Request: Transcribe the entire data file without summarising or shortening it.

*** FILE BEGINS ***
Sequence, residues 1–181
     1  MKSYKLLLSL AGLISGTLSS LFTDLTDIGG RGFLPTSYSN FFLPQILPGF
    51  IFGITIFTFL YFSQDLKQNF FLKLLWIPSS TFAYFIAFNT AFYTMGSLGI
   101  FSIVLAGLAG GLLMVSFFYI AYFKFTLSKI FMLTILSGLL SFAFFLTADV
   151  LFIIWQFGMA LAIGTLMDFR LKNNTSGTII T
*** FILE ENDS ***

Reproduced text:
Sequence, residues 1–181
     1  MKSYKLLLSL AGLISGTLSS LFTDLTDIGG RGFLPTSYSN FFLPQILPGF
    51  IFGITIFTFL YFSQDLKQNF FLKLLWIPSS TFAYFIAFNT AFYTMGSLGI
   101  FSIVLAGLAG GLLMVSFFYI AYFKFTLSKI FMLTILSGLL SFAFFLTADV
   151  LFIIWQFGMA LAIGTLMDFR LKNNTSGTII T